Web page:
What is the Behavioral Intervention Team (BIT)?
The BIT is dedicated to a proactive, coordinated, and planned approach to the identification, prevention, assessment, management, and reduction of interpersonal and behavioral threats to the safety and well-being of Lee College community. The Core Team meets regularly to review referrals brought forward by faculty, staff, and students regarding behaviors of individuals that can be concerning, disruptive, or threatening — behaviors that potentially impede their own or others’ ability to function successfully or safely.
What the BIT is NOT:
- The BIT is not a crisis response/management team. For immediate assistance, you should call security or law enforcement.
- The BIT process does not handle faculty classroom management issues, but may be able to help faculty with resources or support.
- While the BIT may possibly make threat assessments, the goal is to help students get support and guidance before there is a greater threat. It’s estimated that 80 percent of the BIT referrals will be at the mild or moderate threat level.
- The BIT is separate from conduct and is not involved with discipline. If needed, the BIT may refer students to the disciplinary process.
If you have a life threatening emergency dial 911 first. Then notify Lee College’s Security Office at 281.425.6888.
What should I do if I think someone is in immediate danger either to themselves or someone else (e.g., potentially suicidal or threatening someone)?
If you think that someone is a danger to themselves or others, please call 911 or Lee College Security at 281.425.6888 immediately.
Should I approach the student first?
Whenever possible, you should express your concern(s) directly with the individual. However, if you are uncomfortable in approaching the person, access intervention from people who are trained in these areas.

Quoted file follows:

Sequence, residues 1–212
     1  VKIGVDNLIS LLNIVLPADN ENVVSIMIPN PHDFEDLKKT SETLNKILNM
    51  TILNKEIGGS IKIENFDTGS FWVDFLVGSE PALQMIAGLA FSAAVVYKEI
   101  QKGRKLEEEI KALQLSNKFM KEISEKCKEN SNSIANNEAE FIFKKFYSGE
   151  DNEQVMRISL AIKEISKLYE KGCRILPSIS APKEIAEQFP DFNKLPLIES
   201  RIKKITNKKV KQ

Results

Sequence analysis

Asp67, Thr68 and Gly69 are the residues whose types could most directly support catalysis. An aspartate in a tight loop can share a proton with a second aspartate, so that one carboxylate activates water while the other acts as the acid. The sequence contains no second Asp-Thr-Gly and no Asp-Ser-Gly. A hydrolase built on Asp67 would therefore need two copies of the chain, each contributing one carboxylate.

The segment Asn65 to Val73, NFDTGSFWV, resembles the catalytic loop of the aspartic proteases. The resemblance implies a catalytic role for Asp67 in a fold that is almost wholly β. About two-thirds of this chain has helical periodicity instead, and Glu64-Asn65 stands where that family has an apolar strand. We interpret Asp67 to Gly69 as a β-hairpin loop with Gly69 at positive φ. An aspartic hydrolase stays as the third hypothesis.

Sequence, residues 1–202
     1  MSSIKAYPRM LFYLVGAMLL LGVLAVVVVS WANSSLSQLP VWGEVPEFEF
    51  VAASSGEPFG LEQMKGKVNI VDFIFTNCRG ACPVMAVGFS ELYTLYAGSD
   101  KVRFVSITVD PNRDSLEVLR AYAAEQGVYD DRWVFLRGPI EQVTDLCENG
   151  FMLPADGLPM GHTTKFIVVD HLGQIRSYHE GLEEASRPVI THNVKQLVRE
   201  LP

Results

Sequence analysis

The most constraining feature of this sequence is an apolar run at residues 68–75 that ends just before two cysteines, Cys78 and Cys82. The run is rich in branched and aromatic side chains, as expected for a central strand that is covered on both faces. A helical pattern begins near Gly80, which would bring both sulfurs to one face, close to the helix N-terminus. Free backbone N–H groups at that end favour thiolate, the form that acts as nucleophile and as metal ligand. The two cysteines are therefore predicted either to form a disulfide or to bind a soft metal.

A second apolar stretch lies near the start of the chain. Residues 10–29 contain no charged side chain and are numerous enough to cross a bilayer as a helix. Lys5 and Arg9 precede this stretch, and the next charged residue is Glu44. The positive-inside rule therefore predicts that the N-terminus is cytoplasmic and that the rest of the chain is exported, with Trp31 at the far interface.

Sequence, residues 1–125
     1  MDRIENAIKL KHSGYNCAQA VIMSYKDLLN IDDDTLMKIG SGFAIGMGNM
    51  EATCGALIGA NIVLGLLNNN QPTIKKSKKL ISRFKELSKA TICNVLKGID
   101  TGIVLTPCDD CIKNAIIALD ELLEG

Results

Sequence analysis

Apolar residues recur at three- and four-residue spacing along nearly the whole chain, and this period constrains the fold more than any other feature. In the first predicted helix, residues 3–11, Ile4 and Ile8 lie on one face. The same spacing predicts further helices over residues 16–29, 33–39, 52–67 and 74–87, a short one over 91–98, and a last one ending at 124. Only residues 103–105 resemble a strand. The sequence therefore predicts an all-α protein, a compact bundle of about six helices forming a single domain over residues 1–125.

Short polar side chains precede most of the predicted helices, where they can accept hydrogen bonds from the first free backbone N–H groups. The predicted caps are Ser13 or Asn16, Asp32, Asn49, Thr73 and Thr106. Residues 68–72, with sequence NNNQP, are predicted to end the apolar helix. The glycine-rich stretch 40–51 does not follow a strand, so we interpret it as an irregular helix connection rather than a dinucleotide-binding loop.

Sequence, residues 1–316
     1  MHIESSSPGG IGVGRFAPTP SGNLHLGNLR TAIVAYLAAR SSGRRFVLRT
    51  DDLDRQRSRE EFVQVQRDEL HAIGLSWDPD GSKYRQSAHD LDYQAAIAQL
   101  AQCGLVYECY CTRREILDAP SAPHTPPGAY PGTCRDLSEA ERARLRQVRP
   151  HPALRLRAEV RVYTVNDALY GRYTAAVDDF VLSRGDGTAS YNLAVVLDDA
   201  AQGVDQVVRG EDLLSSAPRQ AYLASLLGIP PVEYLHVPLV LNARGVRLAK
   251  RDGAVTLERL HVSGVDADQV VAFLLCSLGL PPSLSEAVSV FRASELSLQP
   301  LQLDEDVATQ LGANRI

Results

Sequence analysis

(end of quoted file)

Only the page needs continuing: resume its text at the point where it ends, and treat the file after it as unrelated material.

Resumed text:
The most important step is that you report any potential issue. If another campus resource is more appropriate, the Behavioral Intervention Team will refer the student and handle the transfer of information.
What should I report?
In general, any behavior that raises concern for a student’s well-being should be reported. There are three key categories of behavior that are of utmost concern to the BIT:
- Self-injurious behavior (e.g., suicidal thoughts/attempt, cutting behavior, dangerous alcohol/substance consumption, etc.)
- Disruptive behavior that violates campus safety (e.g., homicidal threats, stalking, assault, email/Blackboard bullying, carrying weapons, etc.)
- Unusual behavior (e.g., changes in personality, depressive symptoms, shifts in mood, unexplained irritability and/or lethargy, hopelessness, etc.)
Once an incident is reported to the BIT, members of the Committee determine the appropriate steps to address the situation. This process is based on the severity of the concern, the ability of the person in question to engage in the resolution, and the situation.
The BIT website includes other information including “red flag” behaviors that may need an intervention. Behaviors of concern might be observed in a number of different locations and not just the classroom.
What are some examples of situations that should be reported to BIT?
- You notice that your student has a pattern of making unrelated/incoherent statements to the material presented during class.
- A student comes to class often appearing disheveled, withdrawn, minimally interacting with others, preoccupied, and/or sad (a marked change from previous his or her previous appearance or behaviors).
- You receive a note, email, or assignment that includes statements that seem concerning to you. Examples include having problems at home, trouble finding a place to live, not having enough to eat, or any other statements that you are concerned about.
- NOTE: If there is a statement made regarding the intent to harm self or others, contact Campus Security immediately (281.425.6888)
What if I’m not sure if I should report the concern?